good kid, m.A.A.d city is a 2012 bildungsroman dealing with the structural causes of gang violence and inequality in urban America. Its story unfolds in Compton, California, but its relevance to the country as a whole has been on vivid display in recent years as the Black Lives Matter movement has unfolded. Protest art at its finest, good kid, m.A.A.d city is a reminder of the intractability of the problems faced by minorities in the United States, even after minorities have become majorities in many areas and the country has seen its first African-American president.
Oh, and it comes in the form of a hip hop album.
good kid, m.A.A.d city was the major label debut of Kendrick Lamar, a West Coast rapper who in his teens started making a major impact on the underground world of mixtapes and guest appearances in which up-and-coming stars must earn their dues (in most cases, interminably). Spotted and hyped mercilessly by Dr. Dre, who nowadays spends his time selling headphones and incubating talent, the pressure on Kendrick to produce a critical and commercial success was overwhelming. Lesser rappers have been placed in a similar position and failed, while 50 Cent only managed one improbably-good album before beginning an immediate and sharp decline. Amazingly, Kendrick not only pulled it off but went on to even greater heights with his second major release, To Pimp a Butterfly, in 2015.
good kid, m.A.A.d city tells the story of Kendrick's youth in Compton and his vain (and often half-hearted) attempts to escape the corrupting and polarizing influence of gangs, guns, drugs and alcohol. The album has a dense and non-linear narrative which actually makes the album as an art form relevant again in an era of single-track downloads and invokes the strengths of progressive rock. Rather than relentlessly trying to build and promote a particular persona as many rappers do - think of Fifty's swagger or Tupac's philosophical bent - Kendrick instead plays half a dozen characters as the story unfolds, complete with different voices, tempos and tones. He contradicts himself. He contains multitudes.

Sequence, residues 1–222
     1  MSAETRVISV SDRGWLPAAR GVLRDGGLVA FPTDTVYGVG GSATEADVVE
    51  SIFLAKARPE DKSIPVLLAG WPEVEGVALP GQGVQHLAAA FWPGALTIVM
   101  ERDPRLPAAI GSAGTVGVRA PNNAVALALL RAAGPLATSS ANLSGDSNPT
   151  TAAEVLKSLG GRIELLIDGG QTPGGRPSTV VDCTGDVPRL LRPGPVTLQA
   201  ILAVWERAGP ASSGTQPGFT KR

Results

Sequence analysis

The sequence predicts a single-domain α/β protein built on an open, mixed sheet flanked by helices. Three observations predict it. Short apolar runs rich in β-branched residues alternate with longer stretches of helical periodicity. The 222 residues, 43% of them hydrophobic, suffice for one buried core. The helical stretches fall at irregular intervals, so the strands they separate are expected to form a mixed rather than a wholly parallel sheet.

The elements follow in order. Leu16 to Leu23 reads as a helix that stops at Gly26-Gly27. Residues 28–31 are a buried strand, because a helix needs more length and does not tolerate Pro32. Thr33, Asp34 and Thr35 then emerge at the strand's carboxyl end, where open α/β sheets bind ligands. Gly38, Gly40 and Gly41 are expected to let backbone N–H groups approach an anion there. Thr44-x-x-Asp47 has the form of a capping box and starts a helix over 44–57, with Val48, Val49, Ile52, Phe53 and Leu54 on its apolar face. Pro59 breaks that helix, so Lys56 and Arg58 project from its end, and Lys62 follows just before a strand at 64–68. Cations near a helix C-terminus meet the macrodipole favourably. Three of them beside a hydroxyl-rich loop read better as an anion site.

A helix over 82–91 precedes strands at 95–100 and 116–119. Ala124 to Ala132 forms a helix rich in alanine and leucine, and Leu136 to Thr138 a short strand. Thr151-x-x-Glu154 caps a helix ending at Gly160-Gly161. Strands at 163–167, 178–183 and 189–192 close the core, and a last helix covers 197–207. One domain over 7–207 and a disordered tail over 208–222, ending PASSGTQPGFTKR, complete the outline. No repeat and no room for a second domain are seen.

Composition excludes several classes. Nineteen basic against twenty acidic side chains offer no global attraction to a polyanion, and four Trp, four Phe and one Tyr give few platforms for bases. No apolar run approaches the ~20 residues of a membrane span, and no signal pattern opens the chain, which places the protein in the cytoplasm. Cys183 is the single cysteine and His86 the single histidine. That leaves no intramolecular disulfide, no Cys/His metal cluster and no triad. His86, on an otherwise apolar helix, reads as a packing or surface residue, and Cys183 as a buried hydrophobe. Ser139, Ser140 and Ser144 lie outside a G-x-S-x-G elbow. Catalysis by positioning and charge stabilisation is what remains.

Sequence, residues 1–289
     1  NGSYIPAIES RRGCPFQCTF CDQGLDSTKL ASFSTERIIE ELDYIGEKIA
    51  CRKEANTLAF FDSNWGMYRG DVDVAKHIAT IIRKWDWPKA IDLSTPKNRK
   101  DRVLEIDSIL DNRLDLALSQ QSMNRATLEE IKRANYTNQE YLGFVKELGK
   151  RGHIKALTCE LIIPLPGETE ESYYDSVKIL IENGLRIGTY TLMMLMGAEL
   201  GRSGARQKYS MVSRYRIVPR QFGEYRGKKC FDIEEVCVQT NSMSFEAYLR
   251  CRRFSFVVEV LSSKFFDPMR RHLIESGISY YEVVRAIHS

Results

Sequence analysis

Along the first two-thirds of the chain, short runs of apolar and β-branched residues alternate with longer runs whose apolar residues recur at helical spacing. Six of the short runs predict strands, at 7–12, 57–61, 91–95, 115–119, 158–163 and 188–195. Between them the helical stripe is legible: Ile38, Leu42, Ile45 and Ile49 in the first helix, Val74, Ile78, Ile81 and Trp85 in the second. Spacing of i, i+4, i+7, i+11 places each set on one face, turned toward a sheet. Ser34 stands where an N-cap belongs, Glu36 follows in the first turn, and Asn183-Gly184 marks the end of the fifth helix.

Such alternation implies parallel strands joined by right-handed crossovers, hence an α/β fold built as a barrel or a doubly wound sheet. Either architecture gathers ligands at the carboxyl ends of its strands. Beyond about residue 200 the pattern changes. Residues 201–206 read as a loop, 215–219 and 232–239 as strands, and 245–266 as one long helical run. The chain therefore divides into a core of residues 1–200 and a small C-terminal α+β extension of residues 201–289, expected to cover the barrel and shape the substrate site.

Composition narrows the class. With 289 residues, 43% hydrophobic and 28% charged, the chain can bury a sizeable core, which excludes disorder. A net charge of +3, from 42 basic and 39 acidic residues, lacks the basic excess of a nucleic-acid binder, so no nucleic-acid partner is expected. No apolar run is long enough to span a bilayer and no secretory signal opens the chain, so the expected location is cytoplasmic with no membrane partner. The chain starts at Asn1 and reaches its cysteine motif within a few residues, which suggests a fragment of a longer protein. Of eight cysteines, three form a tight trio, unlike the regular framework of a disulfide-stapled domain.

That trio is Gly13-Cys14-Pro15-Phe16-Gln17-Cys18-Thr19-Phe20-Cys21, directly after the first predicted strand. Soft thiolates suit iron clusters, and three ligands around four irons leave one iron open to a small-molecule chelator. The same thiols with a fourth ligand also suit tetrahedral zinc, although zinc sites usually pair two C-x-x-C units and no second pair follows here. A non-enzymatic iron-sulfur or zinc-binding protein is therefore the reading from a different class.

The album combines elements of the West Coast sensibility and focus on hedonism with the introspection more typical of East Coast artists. Yet the West Coast sensibility is nearly always only deployed so that it can be subverted - the value of hedonism is questioned and its hidden costs are stressed. The protagonist is first sucked in and corrupted by his local culture and then outgrows it, announcing himself as an artist who addresses universal and not just local themes.
As the album's story unfolds, it demonstrates the perverse way that a pervasive gang and gun culture turn what are everyday acts for most people into the riskiest of endeavours. The narrative begins with Kendrick driving in his mother's van to meet Sherane, a girl who he is falling in love with and thinking about marrying. When he enters her neighbourhood, he is accosted by two gang members who demand to know whether he has a gang affiliation of his own and what area of Compton he is from. In a spoken-word skit, which the album uses to advance the narrative rather than to entertain as most rappers do, the boys bat aside his attempts to establish his bona fides by invoking his relationship with Sherane. "Fuck who you know - where you from?" they demand, symbolizing the gang culture's dismissal of human connections in favour of a geographic view of identity which makes any outsider an enemy. Later, the same question is intoned ominously over the album's title track in a voice which seems to represent the system itself.